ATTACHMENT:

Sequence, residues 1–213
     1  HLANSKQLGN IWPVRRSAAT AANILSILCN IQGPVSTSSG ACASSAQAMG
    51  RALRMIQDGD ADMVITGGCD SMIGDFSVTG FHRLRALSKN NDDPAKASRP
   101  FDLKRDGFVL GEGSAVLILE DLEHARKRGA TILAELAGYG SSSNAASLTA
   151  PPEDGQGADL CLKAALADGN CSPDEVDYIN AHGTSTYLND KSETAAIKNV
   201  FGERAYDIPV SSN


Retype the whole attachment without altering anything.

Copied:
Sequence, residues 1–213
     1  HLANSKQLGN IWPVRRSAAT AANILSILCN IQGPVSTSSG ACASSAQAMG
    51  RALRMIQDGD ADMVITGGCD SMIGDFSVTG FHRLRALSKN NDDPAKASRP
   101  FDLKRDGFVL GEGSAVLILE DLEHARKRGA TILAELAGYG SSSNAASLTA
   151  PPEDGQGADL CLKAALADGN CSPDEVDYIN AHGTSTYLND KSETAAIKNV
   201  FGERAYDIPV SSN